"ASA [assistant State's Attorney] & Attorney Herbert [defense counsel] are present. Attorney Herbert is given leave to amend the Motion to Reconsider Sentence with additional argument. The Court considers the Supplement filed yesterday to be an amendment to the Motion to Reconsider. The Attorneys argue and the matter is under advisement. The Court finds that [section] 5-8-1(c) does not apply as defendant did not move for reconsideration of his original sentence but withdrew his plea of guilty and the original judgment and sentence was vacated. Also, the Court finds section 5-5-4 does not apply for the reasons set forth in Miller, 676 N.E.2d 309. The other arguments raised by Defendant are not well taken[,] and the Motion to Reconsider and the Supplement are denied. [The assistant State's Attorney] will prepare an Order. The Clerk will mail a copy of this docket sheet to counsel."
On November 17, 1998, defendant's counsel filed a notice of appeal. Subsequently, a written order, essentially stating the court's ruling as entered on the docket sheet above, was entered on November 20, 1998. An amended notice of appeal was never filed after November 20, 1998.
Based upon the foregoing facts, this court determined that defendant's notice of appeal was premature under Supreme Court Rule 271 (134 Ill. 2d R. 271). Rule 271 provides:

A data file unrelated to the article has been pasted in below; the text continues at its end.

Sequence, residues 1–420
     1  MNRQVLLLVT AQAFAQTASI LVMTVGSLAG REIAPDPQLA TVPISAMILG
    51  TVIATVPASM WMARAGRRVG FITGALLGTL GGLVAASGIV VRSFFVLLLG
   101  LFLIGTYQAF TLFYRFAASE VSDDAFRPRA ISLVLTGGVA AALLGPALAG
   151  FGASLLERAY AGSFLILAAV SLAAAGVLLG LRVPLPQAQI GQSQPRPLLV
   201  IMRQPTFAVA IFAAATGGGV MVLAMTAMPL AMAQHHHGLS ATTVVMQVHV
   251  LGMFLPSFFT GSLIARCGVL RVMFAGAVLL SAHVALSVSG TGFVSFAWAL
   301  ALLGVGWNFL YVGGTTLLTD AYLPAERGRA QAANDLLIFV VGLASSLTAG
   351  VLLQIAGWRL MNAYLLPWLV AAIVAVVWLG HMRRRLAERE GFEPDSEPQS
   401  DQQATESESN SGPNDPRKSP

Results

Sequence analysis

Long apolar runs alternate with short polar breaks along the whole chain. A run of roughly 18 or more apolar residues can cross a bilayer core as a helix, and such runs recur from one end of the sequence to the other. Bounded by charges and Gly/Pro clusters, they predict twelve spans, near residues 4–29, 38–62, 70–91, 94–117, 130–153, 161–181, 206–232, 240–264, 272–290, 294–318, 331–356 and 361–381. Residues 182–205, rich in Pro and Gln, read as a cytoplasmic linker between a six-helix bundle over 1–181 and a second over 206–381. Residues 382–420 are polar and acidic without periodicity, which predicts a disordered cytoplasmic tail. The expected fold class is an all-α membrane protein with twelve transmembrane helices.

"When the court rules upon a motion other than in the course of trial, the attorney for the prevailing party shall prepare and present to the court the order or judgment to be entered, unless the court directs otherwise." 134 Ill. 2d R. 271.
In People v. Jones, 104 Ill. 2d 268 (1984), the supreme court determined that a court's decision on a motion to suppress was not a final judgment but was a ruling on a motion other than in the course of trial and that Rule 271 applied. Jones, 104 Ill. 2d at 275. In Jones, the trial court made an oral pronouncement that it was granting defendant's motion to suppress, and the supreme court found that the trial court contemplated that a written order would be prepared and entered. A written order was entered more than four months later. After the oral pronouncement but before the entry of the written order, the State filed a notice of appeal. The supreme court held that the State's notice of appeal was premature and that the notice of appeal did not confer jurisdiction on the appellate court. See Jones, 104 Ill. 2d at 276. Thus, in the case sub judice, based upon the holding in Jones, this court determined that under Rule 271 defendant had filed his notice of appeal prematurely, because defendant's motion to reconsider sentence was a motion not made in the course of the trial, because the court directed that a written order be prepared and the order was prepared a week after the hearing, and because defendant filed his notice of appeal after the oral pronouncement of the sentence and before the entry of the written order. Therefore, this court dismissed defendant's appeal for a lack of jurisdiction.